Saturday, March 21, 2015

"Meditations on Light" by Simon Whetham

music for solar eclipse


Simon Whetham is a sound artist whose work covers a wide range of activities, from installations to compositions to workshops. For a long time now I've avoided hearing much of his music, perhaps because I always had a feeling that it might be uncannily close to my own work. But now, following on the solar eclipse, it seems somehow appropriate to share my review of this particular excellent release.

Meditations on Light is a double CD that had an interesting genesis. It started with painter Kathryn Thomas' exhibition Lightyears, for which Whetham composed a multichannel installation. A stereo version of this music was released as a CD-R on his own label, Traceable Echoes in 2009, and then as a digital download on Dragon's Eye Recordings two years later. In the meantime, he offered the source materials (field recordings and samples of music) to other composers.

The result is a double CD credited to Simon Whetham & Friends. This was issued on the innovative Russian label Monochrome Vision in 2011. So it's not exactly a "new" release, but is worthy of attention nonetheless.

The first disk is named after the exhibition, and contains the original recording, now titled "Lightspace", and a second version, "Darkerspace". The music is what might be labelled "minimal", "drone", or "ambient". Various simple harmonic and melodic patterns repeat and slowly change over the course of the hour. There are recognisable string and piano parts, along with rhythmic articulations of filtered noise, derived from any number of unrecognisable sources. There is continuous musical evolution in this piece; instruments come and go in distinct "movements", though the pace is languid.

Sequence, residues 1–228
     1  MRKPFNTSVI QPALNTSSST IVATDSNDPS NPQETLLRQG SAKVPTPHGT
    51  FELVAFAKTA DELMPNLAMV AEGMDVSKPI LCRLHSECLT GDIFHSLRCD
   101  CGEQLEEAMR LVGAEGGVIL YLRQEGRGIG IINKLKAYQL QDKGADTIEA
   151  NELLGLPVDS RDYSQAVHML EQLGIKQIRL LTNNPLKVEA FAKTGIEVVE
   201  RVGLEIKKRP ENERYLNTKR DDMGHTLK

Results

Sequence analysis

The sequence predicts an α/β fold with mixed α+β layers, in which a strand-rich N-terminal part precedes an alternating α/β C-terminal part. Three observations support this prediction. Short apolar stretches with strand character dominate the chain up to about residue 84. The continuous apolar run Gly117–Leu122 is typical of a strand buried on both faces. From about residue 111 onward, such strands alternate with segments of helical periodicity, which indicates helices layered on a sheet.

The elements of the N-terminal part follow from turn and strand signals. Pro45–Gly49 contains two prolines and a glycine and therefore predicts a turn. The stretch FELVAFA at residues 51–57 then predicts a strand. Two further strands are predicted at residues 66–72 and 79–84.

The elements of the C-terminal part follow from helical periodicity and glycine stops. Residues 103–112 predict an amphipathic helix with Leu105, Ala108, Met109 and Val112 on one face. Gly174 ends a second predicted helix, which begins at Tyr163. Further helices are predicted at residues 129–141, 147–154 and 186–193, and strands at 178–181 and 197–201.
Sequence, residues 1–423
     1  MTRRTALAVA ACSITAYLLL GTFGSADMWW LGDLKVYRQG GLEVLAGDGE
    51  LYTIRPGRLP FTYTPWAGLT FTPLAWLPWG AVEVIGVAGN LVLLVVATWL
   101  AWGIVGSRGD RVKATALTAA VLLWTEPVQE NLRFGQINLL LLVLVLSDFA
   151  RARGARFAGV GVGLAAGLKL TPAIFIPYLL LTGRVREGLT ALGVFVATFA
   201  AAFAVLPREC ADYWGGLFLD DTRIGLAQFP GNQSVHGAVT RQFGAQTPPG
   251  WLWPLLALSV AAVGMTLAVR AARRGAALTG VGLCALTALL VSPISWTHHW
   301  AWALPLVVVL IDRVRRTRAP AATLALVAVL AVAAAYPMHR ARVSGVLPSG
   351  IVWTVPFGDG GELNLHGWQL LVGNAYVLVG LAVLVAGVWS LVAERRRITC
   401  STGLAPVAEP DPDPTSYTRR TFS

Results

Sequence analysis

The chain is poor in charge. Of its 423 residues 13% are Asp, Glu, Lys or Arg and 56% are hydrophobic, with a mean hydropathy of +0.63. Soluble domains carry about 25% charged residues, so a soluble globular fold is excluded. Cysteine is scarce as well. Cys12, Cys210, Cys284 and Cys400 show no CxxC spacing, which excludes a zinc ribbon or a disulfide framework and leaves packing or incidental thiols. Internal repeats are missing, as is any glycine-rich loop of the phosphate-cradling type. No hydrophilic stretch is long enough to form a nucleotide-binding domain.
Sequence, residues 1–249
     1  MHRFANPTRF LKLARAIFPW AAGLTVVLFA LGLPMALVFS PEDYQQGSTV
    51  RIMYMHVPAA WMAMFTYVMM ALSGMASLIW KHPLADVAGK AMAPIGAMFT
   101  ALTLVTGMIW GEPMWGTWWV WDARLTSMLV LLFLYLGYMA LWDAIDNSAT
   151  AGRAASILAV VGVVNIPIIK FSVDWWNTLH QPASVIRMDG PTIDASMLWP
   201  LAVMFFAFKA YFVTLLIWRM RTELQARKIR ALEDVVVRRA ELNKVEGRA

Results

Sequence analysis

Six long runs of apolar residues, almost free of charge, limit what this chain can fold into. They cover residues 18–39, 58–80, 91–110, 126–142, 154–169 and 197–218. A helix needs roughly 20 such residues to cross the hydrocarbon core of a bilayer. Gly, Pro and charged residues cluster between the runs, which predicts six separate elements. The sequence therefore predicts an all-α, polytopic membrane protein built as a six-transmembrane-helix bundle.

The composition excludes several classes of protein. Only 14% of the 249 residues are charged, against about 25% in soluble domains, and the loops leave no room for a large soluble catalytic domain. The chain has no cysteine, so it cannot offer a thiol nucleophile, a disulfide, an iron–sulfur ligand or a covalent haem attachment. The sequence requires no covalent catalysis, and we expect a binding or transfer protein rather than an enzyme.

"Darkerspace" starts with a wind from space, and continues with noisier textures and a more muted soundscape than that of "Lightspace". At no point does it get loud enough to be offensive; instead, it largely conforms to what one might expect from "dark ambient". You won't be bored, as the music themes evolve and mutate regularly, unlike less accomplished ambient music.

One can imagine both tracks working very well in a gallery setting, but they also perfectly suit low volume playback in the living room while reading a particularly difficult philosophical text. As I know from experience!

The second disk contains a fulsome 75 minutes of work from a dozen different artists. It is remarkable for how closely it hews, in the main, to the original. There are some exceptions to this pattern. Philippe Petit's "De Biscanti" is announced with what might be tympani and a discordant harmony. Rich strings segue into chirping ambience until a bold piano theme enters. It's very much "in your face" given what has gone before, and is a stand-out track for me.

Maile Colbert's "Light Brutal" glitches musical themes with an overlay from NASA mission control. What might be cliché elsewhere works in this context. Scanner's "Souvenir" continues exactly from where Colbert's track leaves off, with the same tone and harmonies. If you weren't paying attention you might think it was the same piece. This close meshing of contributors is due either to excellent sequencing or the (hidden) internal workings of this collaborative venture.

Occasional surprises disrupt the flow long enough to provide variety, the drum break in Scanner's track being the most dramatic (and perhaps unwelcome). A curious female vocal intervenes in "Lonesome Alien Rider" from Iris Garrelfs. But despite any perturbations, we always end up back in the laminar flow of the original textures.

Anyone into Robert Rich, Rapoon, Thomas Koner, and similar artists should attend to Meditations on Light, an album comprised of uniformly excellent compositions working together as a coherent entity.

I bought the album direct from Monochrome Vision. It's limited to an edition of 500, but copies are still available.

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